Picking the right sales stages for how you sell is one of the most essential elements of a successful sales process. Building a structured pipeline from a proven sales process template is an ideal way to ensure those stages serve your goal of converting leads to sales.
Whether you’re building your first pipeline from scratch or want to overhaul an existing process, having a structured sales process to follow could make all the difference.
A sales process is a series of repeatable steps a sales team takes to convert prospects into customers. A standardized sales process provides sales reps with a framework to follow, helping them win more deals.
With a structured sales process in place, your team has a definitive plan to guide them through the stages. It’s a great way to ensure all your sales reps are on the same page, regardless of how much experience they have.
In fact, in a world where sales departments typically experience significant staff turnover rates, your defined sales framework makes for easier onboarding.
A comprehensive and well-considered sales process creates consistency, not only for your team but for your prospects, too. This planned approach encourages better prospect experiences and makes sales forecasting easier.
When a system like this is in place, you empower your team members to take responsibility for tasks and activities. As a result, you’ll find communication and efficiency increase, along with your conversion rate and revenue.
It’s important to note that building an effective sales process requires constant evaluation and adaptation to remain relevant.
Review the steps in your process and their role in the overall strategy. Then, make the adjustments you feel are necessary to help your team stay on top.
Providing a framework for your sales team through a documented sales process provides numerous benefits such as:
When your sales team has a structure to follow, they’ll spend less time and effort deciding what to do next to move a potential deal forward. Determining which leads are most likely to convert and deserve the most attention also becomes easier.
When you have a standardized process, you can more easily track the effectiveness of each step and refine your process to improve your results.
When new sales representatives have a documented process they can follow, onboarding is a smoother process and new team members can start getting results more quickly.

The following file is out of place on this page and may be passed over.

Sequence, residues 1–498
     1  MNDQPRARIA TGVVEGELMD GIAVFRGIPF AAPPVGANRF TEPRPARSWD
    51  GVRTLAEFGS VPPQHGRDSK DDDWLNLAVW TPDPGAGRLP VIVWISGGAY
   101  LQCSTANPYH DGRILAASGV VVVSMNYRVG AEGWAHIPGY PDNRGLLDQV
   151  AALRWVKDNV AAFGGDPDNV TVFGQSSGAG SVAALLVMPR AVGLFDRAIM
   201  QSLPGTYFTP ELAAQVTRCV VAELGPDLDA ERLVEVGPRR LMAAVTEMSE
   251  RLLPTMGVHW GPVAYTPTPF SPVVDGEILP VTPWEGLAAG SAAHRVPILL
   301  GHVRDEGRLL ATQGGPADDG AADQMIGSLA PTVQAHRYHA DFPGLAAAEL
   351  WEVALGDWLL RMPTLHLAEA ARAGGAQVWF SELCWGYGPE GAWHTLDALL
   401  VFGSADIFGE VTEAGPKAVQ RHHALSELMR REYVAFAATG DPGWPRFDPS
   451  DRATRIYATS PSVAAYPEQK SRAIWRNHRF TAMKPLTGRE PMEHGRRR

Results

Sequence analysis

With a more efficient process, your team will likely get a lot more done, such as prospecting, qualifying leads, and contacting prospects. These should see your business enjoy an increase in conversions and revenue.
As your sales team follows the same system each time they move a prospect through the sales pipeline, you’ll experience less confusion and fewer errors. Team members will quickly learn and understand exactly what they need to do as they move from one stage to the next.
You’ll find that sales process templates are either generalized or crafted for a specific sales approach. Either way, you must know all the possible sales pipeline stages of typical sales processes when choosing a template or building a system from the ground up.
Naturally, you’ll be familiar with most of these steps and have experienced many of them first-hand. But it’s good to run through them before building a sales process to help you visualize the customer journey and touchpoints.
Remember to make stage and task responsibilities clear with each step, especially when more than one team is involved.
The research phase of the process involves scouting for potential leads and putting a list together for your sales team to contact. There are so many ways to capture leads online, including via social media or through forms on landing pages.
Leveraging website and content optimization can increase your chances of attracting website traffic and securing the right leads for your business. Working with an expert SEO partner to ensure your content strategy is at its best will go a long way to broadening your lead base.
Online forums, groups, and business-oriented platforms like LinkedIn are great places to find potential leads. Networking at trade shows and events is also highly effective and lets you develop a rapport with prospects.
Bear in mind that at this stage of the process, prospects may simply be investigating their options and haven’t considered a purchase.
Ensure that the needs of those on your prospects list align with the products and services you offer. There’s no point in nurturing a lead with zero need or capacity for your offering.
Ask yourself whether your product or service falls within a price range they could afford and if it will bring value to their business. Now is an excellent time to consult your ideal customer profiles and see if your prospects fit the mold.